RN: Best wishes…


Jan Slakov

From: "janice" <•••@••.•••>
To: <•••@••.•••>
Cc: <•••@••.•••>
Subject: Re: rn- Until we meet again... some sunny day
Date: Wed, 9 Dec 1998 09:05:54 +1300

Happy Xmas Richard Moore, and congratulations
on finishing your brillant  book. [Actually, it isn't really finished yet,
but it is well on its way!]

I think I can probably speak for all us all,  by  wishing
you well,  and thanking  you for your amazing effort.

Yes, Janice, you do speak for me and many others I am sure.

Below is an article written by an environmental activist, Green Party
candidate and professor from B.C., Canada. I would like to share it with you
at the time of this holiday season as it provides a valuable reminder that
there are other traditions than the dominant Christian one to celebrate and
because it gives us a healthy vision for celebration and relationship with
the natural world in general.

all the best, Jan

From: •••@••.••• (Andy Shadrack)
Subject: Reflections on the Season
Date: Wed, 02 Dec 1998 11:36:51 +0000

The Solstice-Christmas season (I cannot stand the term "xmas" as it is too
commercial and materialistic) conjures up a bag of mixed emotions in me. I
was raised a christian, being both baptised and confirmed, but abandoned
christianity for marxism in the late 1970's. 

I am thus aware of the christian season of rebirth and forgiveness that
celebrates the birth of Jesus Christ and liken this to my own personal
desire to assess my year's experiences and review what might be undertaken
over the next year. 

Over the last five years Gail (my life long partner and editor) and I have
been switching our celebration over to the Winter Solstice. As political
activists who are deeply concerned about the state of the human relationship
to the planet's biological diversity and ecosystems we felt it more
important to celebrate a season than a human centred religious experience
that we can no longer, or in Gail's case, have never related to. 

As a child, for me part of the magic of Christmas was travelling from the
eastern suburbs of London to visit my father's parents who lived in a small
village on the south coast of Devon in western England. Christmas in Beer
was part of a thrice year stay which took place at Easter and for summer
vacations as well, until I was eleven, when my grandmother died a year after
my grandfather. 

In 1995, on a visit to Europe, I took both Gail and my 13 year old daughter
back to Beer... Enough of the family history, but what was it that made this
"holy" pilgrimage so necessary that I had to share it with my daughter? 

This area of Devon, which I had explored by walking, rowing a boat,
motorboating and driving in a car, was a radical change from the manicured
parks that surrounded the suburbs of London where I grew up, and was totally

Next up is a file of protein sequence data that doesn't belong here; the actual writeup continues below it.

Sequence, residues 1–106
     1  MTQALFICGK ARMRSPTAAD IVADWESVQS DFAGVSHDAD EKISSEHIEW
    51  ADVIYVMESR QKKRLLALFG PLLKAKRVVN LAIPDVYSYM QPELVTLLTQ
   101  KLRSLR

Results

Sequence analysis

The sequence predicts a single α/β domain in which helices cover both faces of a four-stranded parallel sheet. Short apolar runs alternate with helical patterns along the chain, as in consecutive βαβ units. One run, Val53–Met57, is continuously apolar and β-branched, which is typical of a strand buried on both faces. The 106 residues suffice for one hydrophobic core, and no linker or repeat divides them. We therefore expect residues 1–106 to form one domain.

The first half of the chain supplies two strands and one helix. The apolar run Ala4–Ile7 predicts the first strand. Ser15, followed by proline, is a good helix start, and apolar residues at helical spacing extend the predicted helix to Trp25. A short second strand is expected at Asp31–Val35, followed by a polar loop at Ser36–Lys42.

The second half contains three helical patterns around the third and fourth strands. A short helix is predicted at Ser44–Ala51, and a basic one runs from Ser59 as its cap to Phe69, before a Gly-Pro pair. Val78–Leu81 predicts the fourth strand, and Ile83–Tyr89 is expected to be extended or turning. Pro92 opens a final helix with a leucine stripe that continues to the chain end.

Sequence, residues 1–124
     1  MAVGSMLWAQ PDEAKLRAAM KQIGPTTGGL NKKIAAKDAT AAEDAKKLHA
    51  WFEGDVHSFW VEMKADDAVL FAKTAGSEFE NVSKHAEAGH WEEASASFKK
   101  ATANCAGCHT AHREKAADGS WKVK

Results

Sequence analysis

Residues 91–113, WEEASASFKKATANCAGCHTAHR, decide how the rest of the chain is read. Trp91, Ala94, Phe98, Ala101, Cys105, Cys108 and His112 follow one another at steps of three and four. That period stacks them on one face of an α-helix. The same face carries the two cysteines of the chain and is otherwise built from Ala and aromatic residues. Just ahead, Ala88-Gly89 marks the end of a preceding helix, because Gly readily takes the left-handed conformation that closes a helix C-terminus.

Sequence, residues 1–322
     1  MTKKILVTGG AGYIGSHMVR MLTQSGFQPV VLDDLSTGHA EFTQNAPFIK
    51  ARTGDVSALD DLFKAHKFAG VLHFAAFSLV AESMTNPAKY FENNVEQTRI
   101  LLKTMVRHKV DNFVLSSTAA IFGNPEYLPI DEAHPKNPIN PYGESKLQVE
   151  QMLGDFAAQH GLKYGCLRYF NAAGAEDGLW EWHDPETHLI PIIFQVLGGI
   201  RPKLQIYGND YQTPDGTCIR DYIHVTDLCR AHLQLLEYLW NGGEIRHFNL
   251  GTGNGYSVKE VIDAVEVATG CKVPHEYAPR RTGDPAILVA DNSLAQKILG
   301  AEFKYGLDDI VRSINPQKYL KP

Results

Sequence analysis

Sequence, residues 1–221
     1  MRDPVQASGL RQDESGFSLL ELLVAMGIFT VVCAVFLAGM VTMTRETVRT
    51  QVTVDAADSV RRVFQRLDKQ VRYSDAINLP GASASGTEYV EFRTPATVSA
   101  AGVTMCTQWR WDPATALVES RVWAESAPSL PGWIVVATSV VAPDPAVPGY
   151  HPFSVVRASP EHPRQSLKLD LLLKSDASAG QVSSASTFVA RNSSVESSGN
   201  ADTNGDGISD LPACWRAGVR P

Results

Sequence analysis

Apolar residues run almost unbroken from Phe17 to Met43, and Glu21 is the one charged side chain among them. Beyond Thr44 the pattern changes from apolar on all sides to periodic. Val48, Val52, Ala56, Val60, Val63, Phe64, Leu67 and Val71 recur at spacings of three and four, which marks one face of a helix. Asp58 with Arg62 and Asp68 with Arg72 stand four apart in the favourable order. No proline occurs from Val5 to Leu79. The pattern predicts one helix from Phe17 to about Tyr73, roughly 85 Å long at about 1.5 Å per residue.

different from the miles and miles of concrete that I ventured into when I
travelled around London as a child and in my youth. 

As quite a small child I would get up very early in the morning and go
walking along the cliff paths around Beer with my older brother (there is
eight years age difference between us), and it was the one time that we
would share the bond of doing something together. Later in the day, after
breakfast, we would sometimes take a rowboat out together and explore the

At other times I would go on expeditions to rock pools and along the
shoreline either by myself or with my mother. 

I believe I have grown to love non-human life because I experienced it as a
child in the rock pools and chalk and red sandstone headlands of South
Devon. Coming to Canada and living in the West Kootenay region from 1973 to
1976 while attending Notre Dame University in Nelson also brought me face to
face with nature at its best. 

I remember waking up one morning in a hammock slung at the entrance to a
half-finished A frame just outside Nelson to find a black bear grazing
underneath. I just lay still and watched the bear munching away, wondering
whether he was either not aware of my presence or was just unconcerned by me. 

I thought it odd at the time because I had often heard that animals could
smell humans and would thus always avoid them. Anyway that day I was
reminded of roaming around in the pre-breakfast hours with my brother,
except my brother (or sister) on that day was a bear, drinking in the beauty
of the early morning hours together. 

As I read all the scientific information coming in by e-mail or on the
various websites that I visit, I wonder whether my daughter, and her
children, will have a chance to experience nature as I have done. 

Sometimes around the Solstice-Christmas season I sense that humans are more
compassionate and have a bounce in their step. As a child Christmas was
magical to me because I saw the best in people and as I grew older I
wondered how or why that spirit did not last the whole year round. 

This year is the 50th anniversary of the UN Declaration on Human Rights and
as I listen to the daily litany of human atrocities against one other, I
also wonder whether we will ever heal our relationship to the planet as well. 

As I said at the beginning of the column, Solstice-Christmas brings up mixed
emotions in me. Over a decade ago my brother and I agreed to stop buying
presents for each other, my partner's family puts everybody's name in a hat
so that we each only have to buy one present, and Gail and I have agreed
that we do not need any more material gifts from each other. 

So we are withdrawing from the annual spending orgy of "xmas". Christmas was
and is, for me, a time for human sharing and the Winter Solstice helps me
reflect on those things I can do for the planet. 

... Seasons greetings from Gail and I. We wish you all the best in the new
year and live in hope that you will join us in seeking a new relationship
with the planet that continues to nurture us despite our ongoing imperfections.